Historic buildings define the character of cities, villages, and towns in New York and many other places. This course attempts to explain why, details what it means to preserve a place’s older and historic buildings, and distinguishes the difference between listing a property on the National Register of Historic Places and local landmark and historic district regulation. Other perspectives that most people don’t consider when they think “historic preservation” will also be discussed, such as the environmental and economic benefits of historic preservation.
NOTE: Online courses are not available for in-service credit for code enforcement officers, continuing legal education credit for attorneys, or certification maintenance credit for members of the American Institute of Certified Planners.
Resources Provided by the Department of State:
Legal Aspects of Municipal Historic Preservation
The Department of State’s James A. Coon Technical Series publication on local historic district regulation.
Transfer of Development Rights
The Department of State’s James A. Coon Technical Series publication on the transfer of development rights, which is often associated with the protection of farmland but can also be used to protect historic resources.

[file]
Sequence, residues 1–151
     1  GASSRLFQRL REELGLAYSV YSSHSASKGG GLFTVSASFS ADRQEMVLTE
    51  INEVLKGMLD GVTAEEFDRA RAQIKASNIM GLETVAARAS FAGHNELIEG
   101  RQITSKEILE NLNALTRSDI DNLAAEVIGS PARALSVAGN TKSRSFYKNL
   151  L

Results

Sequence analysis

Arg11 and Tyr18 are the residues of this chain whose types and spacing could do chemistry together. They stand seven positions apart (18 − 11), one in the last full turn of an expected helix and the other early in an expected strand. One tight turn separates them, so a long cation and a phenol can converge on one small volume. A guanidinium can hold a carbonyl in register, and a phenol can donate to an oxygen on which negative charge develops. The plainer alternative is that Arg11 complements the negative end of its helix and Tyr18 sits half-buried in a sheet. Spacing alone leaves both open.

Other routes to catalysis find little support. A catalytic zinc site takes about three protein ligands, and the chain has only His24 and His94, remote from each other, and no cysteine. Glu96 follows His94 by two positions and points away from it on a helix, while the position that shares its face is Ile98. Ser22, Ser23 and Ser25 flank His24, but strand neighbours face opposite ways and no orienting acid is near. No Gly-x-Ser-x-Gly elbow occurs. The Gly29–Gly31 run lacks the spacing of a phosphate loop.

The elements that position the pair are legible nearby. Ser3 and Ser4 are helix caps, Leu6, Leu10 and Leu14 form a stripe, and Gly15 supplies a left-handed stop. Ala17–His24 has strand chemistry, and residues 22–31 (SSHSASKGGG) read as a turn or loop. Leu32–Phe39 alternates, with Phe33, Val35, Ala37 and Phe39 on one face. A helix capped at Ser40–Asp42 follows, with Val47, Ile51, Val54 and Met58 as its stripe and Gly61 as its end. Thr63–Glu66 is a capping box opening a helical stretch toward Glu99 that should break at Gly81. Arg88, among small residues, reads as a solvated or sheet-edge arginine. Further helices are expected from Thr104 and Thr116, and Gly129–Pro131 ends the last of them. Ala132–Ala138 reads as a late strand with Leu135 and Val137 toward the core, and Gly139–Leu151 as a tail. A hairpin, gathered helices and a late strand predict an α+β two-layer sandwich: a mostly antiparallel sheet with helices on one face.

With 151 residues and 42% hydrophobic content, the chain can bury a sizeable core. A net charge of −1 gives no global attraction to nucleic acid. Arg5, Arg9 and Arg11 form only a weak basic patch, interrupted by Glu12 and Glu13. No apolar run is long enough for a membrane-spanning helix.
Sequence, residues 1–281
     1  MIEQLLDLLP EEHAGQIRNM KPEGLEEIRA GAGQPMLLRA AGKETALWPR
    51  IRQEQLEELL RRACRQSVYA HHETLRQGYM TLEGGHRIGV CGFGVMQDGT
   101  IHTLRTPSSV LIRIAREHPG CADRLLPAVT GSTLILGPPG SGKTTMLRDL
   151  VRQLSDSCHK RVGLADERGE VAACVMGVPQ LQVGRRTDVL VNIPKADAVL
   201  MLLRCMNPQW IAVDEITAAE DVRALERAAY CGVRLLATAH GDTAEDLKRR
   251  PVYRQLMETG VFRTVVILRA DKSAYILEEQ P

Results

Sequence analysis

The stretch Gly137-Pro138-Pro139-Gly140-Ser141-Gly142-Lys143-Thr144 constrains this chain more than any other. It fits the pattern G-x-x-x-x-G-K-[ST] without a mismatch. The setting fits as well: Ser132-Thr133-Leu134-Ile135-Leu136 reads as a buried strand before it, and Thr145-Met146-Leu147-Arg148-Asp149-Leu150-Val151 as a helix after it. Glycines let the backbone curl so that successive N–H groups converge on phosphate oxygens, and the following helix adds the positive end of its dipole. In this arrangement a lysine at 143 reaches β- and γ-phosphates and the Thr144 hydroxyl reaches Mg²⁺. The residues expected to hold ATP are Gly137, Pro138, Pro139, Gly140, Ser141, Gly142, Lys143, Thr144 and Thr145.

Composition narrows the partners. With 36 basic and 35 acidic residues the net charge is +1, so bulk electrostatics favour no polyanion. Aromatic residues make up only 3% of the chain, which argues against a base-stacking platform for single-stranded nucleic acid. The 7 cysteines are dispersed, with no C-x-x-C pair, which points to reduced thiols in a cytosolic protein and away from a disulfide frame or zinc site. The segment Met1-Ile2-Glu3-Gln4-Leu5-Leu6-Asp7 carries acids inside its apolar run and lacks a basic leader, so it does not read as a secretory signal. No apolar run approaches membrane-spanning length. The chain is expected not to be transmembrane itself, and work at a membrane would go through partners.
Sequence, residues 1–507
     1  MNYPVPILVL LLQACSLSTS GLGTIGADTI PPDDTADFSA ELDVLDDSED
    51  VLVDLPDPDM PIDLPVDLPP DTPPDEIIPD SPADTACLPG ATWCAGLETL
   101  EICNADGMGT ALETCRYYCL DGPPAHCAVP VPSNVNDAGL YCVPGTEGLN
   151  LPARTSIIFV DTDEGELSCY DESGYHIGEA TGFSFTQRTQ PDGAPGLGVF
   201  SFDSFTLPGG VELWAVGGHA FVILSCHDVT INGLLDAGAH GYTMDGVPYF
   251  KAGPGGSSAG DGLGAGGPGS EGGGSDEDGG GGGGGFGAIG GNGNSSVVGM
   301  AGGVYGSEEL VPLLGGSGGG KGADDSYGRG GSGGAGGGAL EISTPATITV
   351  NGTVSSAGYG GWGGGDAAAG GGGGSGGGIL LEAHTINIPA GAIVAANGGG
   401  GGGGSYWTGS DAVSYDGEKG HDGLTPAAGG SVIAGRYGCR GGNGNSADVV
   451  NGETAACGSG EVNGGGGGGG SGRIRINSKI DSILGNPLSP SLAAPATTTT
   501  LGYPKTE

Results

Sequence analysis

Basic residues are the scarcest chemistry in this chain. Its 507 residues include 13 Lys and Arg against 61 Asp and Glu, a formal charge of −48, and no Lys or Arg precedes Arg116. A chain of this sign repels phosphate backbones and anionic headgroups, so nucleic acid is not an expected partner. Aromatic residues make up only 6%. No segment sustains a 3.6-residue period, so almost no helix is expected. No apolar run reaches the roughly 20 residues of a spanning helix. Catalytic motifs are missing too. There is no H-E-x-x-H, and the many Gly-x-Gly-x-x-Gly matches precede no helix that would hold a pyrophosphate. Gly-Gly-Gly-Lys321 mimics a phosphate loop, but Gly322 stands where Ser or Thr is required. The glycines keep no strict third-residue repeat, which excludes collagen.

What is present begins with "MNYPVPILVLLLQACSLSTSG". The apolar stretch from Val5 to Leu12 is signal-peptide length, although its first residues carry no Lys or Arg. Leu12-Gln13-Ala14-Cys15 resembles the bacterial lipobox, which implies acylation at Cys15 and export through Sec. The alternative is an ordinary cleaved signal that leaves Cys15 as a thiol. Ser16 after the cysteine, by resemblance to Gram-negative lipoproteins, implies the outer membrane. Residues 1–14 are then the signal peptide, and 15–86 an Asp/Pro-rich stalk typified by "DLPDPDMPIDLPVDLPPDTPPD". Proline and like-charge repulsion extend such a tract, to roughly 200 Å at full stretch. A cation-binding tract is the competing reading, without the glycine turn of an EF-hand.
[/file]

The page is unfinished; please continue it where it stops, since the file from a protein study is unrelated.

Links to Other Resources:
The Greenest Building: Quantifying the Environmental Value of Building Reuse
A study that compares the relative environmental impacts of new construction to the reuse and adaptation of existing buildings.
The Secretary of the Interior’s Standards for the Treatment of Historic Properties
Federal standards for rehabilitation (as well as preservation, restoration, and reconstruction) of historic buildings, which projects receiving tax credits must follow. The Standards, along with numerous technical publications for the repair of historic building materials are available on the website of the United States Department of the Interior.
Preservation League of New York State
New York’s statewide not-for-profit preservation education and advocacy organization.
National Alliance of Preservation Commissions
A national not-for-profit organization established in the early 1980s to provide training to members of local historic district review boards, education about the value of historic preservation to all local officials and the general public, and advocacy for public support of local historic preservation efforts and programming.